After years of increasingly polarized rhetoric, there’s talk of a new civility in the air. It seems to have taken the tragic shooting in Tucson to shake some of our leaders into the recognition of the harmfulness of incivility. We expect to see a step tomorrow evening with Republicans and Democrats sitting side by side during the State of the Union address. It’s just a step, and there’s a deep culture of incivility that will have to be transformed before a new civility can dawn.
What might change the shared beliefs, values, and behaviors that make up the culture of incivility? Changing any culture is exceedingly difficult. There are enormous forces allied with the status quo. But cultures can change. This week on OurValues.org, we’ll talk about the current culture of incivility, where it comes from—and how it might be changed.
For today, how about getting members of Congress to sign a “civility pledge”? Mark DeMoss, self-described as a “conservative evangelical Southern Baptist,” and Lanny David, a liberal, launched just such an effort. In early 2009, the duo formed the CivilityProject.org. One effort was a “Civility Pledge”—a 32-word document sent in May last year to all sitting members of Congress.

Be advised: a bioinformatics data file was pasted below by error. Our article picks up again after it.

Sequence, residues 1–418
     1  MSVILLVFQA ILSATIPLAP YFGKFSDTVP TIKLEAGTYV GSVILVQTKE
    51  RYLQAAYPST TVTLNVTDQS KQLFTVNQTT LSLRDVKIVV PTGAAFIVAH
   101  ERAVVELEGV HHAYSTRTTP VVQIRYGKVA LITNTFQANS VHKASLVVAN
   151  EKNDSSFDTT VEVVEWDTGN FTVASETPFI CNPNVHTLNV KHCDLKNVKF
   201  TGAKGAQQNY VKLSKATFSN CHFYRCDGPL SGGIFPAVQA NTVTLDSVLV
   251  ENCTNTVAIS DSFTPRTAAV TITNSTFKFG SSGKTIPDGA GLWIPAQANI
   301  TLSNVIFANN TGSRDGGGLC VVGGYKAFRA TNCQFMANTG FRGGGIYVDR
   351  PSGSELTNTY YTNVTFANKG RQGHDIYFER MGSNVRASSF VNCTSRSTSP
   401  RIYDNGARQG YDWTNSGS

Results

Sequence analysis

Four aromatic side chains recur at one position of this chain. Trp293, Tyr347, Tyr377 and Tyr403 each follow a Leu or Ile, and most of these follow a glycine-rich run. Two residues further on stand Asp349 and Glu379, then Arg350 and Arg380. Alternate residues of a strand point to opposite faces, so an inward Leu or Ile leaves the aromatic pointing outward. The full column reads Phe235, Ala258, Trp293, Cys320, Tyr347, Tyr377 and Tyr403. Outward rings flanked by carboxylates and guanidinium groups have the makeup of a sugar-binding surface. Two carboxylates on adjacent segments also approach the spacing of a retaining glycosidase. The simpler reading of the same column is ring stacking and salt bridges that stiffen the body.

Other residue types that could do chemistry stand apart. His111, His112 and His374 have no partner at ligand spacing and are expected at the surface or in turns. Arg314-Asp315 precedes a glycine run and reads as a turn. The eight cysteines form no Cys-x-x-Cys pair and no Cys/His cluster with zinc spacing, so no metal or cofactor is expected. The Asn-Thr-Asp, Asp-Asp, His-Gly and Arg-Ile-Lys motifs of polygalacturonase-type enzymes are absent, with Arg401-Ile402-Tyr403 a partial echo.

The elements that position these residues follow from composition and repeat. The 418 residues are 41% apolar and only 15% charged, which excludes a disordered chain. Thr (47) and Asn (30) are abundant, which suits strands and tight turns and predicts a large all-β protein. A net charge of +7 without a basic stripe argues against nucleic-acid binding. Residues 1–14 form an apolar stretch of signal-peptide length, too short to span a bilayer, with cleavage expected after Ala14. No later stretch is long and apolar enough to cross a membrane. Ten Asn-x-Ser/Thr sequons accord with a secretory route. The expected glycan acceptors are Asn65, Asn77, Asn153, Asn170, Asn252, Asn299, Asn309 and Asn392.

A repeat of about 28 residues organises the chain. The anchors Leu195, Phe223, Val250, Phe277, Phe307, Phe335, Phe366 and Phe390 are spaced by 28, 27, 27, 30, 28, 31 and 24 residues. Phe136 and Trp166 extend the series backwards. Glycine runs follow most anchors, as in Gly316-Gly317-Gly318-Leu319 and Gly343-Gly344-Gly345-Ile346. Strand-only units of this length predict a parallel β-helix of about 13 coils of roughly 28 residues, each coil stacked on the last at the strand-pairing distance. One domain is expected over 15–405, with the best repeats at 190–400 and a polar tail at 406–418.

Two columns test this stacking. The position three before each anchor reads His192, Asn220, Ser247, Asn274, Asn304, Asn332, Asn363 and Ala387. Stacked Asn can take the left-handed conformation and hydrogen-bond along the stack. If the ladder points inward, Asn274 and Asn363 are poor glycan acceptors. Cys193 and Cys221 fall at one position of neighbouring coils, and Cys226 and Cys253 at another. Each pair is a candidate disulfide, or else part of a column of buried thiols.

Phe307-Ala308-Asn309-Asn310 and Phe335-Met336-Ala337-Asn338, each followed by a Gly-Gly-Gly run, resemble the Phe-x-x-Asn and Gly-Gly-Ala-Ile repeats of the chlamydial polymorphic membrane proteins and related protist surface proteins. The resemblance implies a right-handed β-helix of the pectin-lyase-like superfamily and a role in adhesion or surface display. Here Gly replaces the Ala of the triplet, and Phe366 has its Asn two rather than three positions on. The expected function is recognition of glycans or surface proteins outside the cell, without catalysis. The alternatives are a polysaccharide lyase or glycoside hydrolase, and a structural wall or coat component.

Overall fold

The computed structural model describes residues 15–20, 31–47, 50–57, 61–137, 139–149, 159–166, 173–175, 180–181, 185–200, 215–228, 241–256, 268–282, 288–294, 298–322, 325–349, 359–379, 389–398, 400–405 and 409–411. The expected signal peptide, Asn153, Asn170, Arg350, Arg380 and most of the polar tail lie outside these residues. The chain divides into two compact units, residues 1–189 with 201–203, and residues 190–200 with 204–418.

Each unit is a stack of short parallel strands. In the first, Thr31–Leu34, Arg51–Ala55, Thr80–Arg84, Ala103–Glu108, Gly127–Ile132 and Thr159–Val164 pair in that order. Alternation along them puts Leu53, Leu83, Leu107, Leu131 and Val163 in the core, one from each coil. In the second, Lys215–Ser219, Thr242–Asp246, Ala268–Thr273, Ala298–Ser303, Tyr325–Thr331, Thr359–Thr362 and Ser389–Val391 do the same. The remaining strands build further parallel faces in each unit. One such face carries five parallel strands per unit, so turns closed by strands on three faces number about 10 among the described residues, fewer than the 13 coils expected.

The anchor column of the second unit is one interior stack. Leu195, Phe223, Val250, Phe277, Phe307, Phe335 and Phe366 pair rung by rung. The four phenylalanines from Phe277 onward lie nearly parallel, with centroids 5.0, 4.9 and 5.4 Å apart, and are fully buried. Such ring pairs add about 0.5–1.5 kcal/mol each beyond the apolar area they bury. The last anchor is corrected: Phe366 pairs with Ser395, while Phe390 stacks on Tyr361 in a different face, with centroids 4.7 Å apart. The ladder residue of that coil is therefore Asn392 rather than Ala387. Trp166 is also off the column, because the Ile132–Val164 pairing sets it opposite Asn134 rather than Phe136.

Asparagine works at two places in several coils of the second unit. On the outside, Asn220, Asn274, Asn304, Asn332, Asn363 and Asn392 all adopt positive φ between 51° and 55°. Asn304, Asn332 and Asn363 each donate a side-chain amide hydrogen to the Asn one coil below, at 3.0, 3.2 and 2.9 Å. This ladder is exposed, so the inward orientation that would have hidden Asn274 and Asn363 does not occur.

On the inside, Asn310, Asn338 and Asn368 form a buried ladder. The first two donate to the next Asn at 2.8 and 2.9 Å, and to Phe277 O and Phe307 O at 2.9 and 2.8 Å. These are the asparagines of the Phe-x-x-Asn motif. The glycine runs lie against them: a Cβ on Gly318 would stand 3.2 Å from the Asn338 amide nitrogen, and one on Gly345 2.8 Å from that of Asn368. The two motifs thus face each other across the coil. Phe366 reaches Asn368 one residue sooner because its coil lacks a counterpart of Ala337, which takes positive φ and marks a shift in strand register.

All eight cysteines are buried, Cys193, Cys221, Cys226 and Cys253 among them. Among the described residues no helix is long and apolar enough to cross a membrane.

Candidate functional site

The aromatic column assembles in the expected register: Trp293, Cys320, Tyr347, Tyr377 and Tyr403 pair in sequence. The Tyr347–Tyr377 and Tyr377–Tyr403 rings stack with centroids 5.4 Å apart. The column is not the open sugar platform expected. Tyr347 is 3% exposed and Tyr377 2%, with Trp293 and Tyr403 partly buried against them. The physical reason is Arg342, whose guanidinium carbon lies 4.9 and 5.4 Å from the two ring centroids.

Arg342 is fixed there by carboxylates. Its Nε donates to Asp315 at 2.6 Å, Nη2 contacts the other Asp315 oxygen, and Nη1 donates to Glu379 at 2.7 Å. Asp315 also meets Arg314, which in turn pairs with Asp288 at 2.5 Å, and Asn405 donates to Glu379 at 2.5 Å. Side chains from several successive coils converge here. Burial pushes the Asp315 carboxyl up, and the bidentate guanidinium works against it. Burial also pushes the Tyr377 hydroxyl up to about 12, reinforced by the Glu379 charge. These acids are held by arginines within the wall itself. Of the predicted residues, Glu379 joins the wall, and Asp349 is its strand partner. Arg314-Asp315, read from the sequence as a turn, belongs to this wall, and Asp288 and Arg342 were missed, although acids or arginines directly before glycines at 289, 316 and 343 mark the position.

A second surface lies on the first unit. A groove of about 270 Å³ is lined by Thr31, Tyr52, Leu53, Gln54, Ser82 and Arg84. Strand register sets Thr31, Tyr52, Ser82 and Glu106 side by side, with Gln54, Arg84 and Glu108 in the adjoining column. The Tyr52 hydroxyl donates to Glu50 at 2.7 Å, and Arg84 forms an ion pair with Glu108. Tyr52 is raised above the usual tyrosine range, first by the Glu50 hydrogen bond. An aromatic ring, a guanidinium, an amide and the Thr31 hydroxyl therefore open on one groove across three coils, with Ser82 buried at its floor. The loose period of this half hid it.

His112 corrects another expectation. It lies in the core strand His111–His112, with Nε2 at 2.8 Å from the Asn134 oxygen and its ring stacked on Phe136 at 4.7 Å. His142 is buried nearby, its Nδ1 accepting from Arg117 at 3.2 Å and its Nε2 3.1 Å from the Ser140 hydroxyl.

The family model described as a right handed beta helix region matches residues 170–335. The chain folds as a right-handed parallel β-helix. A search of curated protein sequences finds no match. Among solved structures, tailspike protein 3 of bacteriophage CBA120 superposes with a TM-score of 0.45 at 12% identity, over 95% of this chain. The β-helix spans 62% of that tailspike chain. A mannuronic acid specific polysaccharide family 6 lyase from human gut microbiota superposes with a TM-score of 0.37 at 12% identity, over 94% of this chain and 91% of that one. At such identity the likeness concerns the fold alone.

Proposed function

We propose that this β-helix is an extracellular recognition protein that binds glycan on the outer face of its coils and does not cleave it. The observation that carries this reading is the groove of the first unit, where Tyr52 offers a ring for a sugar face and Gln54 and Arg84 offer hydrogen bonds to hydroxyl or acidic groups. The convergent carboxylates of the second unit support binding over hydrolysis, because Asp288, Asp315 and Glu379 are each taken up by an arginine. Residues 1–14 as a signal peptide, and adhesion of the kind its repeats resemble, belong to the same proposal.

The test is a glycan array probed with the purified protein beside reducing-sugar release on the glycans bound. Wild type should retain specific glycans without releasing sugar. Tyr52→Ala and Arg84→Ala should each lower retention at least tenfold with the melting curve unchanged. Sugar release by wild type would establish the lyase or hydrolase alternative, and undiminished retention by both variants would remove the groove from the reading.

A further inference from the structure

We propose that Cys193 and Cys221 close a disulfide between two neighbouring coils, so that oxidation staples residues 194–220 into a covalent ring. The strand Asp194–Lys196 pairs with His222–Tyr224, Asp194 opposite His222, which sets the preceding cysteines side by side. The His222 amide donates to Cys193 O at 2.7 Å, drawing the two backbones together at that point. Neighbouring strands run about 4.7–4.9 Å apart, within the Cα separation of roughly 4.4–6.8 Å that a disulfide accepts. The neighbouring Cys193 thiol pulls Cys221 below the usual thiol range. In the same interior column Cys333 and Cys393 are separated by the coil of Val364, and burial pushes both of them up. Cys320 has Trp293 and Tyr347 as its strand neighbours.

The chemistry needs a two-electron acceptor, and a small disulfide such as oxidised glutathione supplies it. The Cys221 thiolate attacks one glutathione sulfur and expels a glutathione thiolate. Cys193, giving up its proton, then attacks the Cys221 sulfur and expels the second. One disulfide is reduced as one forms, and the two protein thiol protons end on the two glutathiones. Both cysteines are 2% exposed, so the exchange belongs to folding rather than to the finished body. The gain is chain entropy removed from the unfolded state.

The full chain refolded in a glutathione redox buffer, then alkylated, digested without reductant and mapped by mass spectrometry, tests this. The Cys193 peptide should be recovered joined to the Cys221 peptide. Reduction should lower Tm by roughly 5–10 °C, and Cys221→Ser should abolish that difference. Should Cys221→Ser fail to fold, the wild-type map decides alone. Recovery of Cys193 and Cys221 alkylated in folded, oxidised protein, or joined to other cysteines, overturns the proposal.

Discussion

Here’s the text:
- I will be civil in my public discourse and behavior.
- I will be respectful of others whether or not I agree with them.
- I will stand against incivility when I see it.
How many members of Congress do you suppose signed it? 100? 200? Maybe more? Actually, only three did: Senator Joe Lieberman, an independent, Representatives Frank Wolfe and Sue Myrick, both Republicans.
Due to the lack of interest, DeMoss and company have decided to shut down the Civility Project. DeMoss says he hasn’t given up on civility, but the title of his recent blog is, “Don’t Expect Civility.”
Do you think he’s right?
Or, is there hope?
How would you promote a culture of civility?
Please, “Comment” below.
(Originally published at www.OurValues.org, an online experiment in civil dialogue on American values.)